Trudeau replaced Carr in cabinet a few months later, after the latter was diagnosed with a rare cancer, and it is not clear what happened to the former minister’s instructions.
When asked why the government opted not to give stronger powers to the CORE, the office of Small Business, Export Promotion and International Trade Minister Mary Ng referred questions from Global News to Global Affairs Canada. The department’s trade division told Global News in a statement that the government decided to adopt a “non-judicial mechanism” for the CORE because it considers this “to be more accessible, faster and cost-effective than other avenues.”
Karyn Keenan, the director of corporate accountability group Above Ground, says she doesn’t believe this is the best approach. She had hoped the CORE would be an alternative for alleged abuse victims so that they could avoid lengthy and expensive court proceedings in Canada.
“The CORE, as it stands right now, is not a meaningful mechanism for people to seek justice,” Keenan said.
The Canadian government said Canada is home to half of the world’s publicly listed mining and mineral exploration corporations, and these companies had presences in 96 foreign countries in 2019 (down from 100 countries the year before).
The issue of human rights abuses has also been top of mind for Canadian lawmakers recently as they voted on Monday to support a motion that formally recognizes China’s treatment of the Uyghur population as a genocide.
Eight claims containing allegations of environmental or human rights abuse related to the international operations of Canadian extractive companies (none involving Yamana) have been filed in Canadian courts, according to Above Ground. None of the cases, to date, have been decided in favour of the plaintiffs.
“The courts are not a shoe-in for the courageous plaintiffs,” said Keenan of Above Ground.
However, some overseas complainants have had victories. The Supreme Court of Canada ruled in February 2020 that a lawsuit could proceed against another Canadian mining company over activities in Eritrea. The parties reached a settlement in October.
Meanwhile, lawyer Sheri Meyerhoffer, appointed as the CORE in April 2019, is still setting up her office and has not yet started reviewing any complaints.
Meyerhoffer told Global News in an interview that she may be ready to start accepting complaints in March and that the allegations against Yamana are “potentially admissible” under her mandate but without knowing further details, she cannot comment.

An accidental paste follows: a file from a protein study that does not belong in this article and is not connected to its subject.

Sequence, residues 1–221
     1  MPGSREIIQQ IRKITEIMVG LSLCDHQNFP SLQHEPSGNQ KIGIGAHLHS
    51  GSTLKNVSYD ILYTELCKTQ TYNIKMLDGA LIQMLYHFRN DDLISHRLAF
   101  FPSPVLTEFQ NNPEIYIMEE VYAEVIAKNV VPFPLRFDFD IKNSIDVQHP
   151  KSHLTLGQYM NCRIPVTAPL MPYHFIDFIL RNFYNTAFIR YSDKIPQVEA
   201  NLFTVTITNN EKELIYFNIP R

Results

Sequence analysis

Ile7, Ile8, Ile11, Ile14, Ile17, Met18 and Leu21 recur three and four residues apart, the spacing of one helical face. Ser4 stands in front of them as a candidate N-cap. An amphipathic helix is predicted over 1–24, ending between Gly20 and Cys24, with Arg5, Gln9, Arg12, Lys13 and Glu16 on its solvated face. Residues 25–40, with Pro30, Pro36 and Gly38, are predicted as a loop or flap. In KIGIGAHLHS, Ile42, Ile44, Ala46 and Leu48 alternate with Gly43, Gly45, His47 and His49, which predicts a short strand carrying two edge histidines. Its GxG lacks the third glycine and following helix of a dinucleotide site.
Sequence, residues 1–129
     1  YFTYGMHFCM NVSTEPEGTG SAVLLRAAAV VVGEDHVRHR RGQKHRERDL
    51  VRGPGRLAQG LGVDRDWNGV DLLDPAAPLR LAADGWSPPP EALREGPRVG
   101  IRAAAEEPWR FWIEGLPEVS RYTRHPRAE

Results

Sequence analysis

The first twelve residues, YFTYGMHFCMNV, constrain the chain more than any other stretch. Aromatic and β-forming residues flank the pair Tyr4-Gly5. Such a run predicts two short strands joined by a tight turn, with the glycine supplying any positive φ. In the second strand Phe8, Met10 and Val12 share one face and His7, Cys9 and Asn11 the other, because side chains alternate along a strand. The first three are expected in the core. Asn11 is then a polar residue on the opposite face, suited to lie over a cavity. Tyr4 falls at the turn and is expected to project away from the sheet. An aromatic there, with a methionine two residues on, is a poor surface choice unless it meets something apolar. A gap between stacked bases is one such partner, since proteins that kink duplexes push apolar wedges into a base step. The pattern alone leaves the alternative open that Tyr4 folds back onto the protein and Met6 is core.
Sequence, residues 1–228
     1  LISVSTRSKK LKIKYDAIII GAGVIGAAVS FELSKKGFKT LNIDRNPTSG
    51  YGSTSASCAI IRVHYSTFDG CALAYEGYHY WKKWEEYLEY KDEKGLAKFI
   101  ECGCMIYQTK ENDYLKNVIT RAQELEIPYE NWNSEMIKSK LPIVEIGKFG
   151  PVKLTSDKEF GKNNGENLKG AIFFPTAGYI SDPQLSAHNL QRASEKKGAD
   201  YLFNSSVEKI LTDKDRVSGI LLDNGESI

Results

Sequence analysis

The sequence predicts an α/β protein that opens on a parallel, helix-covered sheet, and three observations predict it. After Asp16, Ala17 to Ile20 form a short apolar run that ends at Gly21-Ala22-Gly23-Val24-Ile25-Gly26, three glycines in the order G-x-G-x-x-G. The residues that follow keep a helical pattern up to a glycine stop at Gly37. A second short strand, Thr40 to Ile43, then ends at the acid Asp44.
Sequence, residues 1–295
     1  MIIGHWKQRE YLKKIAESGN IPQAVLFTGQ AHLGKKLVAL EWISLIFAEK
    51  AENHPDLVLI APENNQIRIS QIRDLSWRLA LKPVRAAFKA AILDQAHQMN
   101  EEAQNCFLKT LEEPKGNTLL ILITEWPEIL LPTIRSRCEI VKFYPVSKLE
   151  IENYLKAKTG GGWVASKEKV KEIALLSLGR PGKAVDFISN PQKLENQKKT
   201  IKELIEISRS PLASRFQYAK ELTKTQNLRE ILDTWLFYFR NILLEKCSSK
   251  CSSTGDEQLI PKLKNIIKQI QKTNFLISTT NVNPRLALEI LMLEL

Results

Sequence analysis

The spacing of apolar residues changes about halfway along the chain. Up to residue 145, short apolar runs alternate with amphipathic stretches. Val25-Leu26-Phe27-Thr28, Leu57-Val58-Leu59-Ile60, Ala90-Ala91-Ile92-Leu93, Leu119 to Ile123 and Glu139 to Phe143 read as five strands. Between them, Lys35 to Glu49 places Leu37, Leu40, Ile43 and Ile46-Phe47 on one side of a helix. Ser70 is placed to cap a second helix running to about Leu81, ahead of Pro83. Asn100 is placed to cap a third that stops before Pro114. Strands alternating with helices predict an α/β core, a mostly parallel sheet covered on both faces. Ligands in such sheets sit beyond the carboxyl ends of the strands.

Trudeau’s Liberals had promised to create the watchdog during the 2015 election campaign. They followed through in 2018, when then-foreign affairs minister François-Philippe Champagne announced the creation of an office he described as the “first of its kind in the world.” At the time, he said it would have robust powers to, independently of the government, investigate allegations of human rights abuses linked to Canadian corporations’ activities abroad.
A web page Global Affairs Canada published that year has since been rewritten, removing any mention of the ombudsperson being able to investigate.
This would include “the compelling of witnesses and documents,” the site previously said.
The page now says the CORE can “advise Canadian companies” on their practices and policies, “review allegations of human rights abuses” and “provide advice” to the minister of international trade.
Ng’s office declined to explain why the website had been changed, but her department said the website had been updated to reflect the CORE’s mandate as stated in Meyerhoffer’s order-in-council appointment.
Advocates say withholding these investigatory powers from the CORE means preventing Canada from getting to “the truth behind those abuses.”
“Why would someone who’s impacted by a Canadian company overseas go through the trouble … and expose (themself) to bring a complaint to the CORE when they know the office can’t offer them anything, including an investigation?” Keenan said.
Meyerhoffer told Global News that it would be easier for her office to assess the facts and make recommendations if it had the ability to compel testimony and documents.
“Having said that,” continued Meyerhoffer, “there are other ways of going forward to get that information and we will be using all of those avenues to get it. And we’ll be doing the best we can with that.”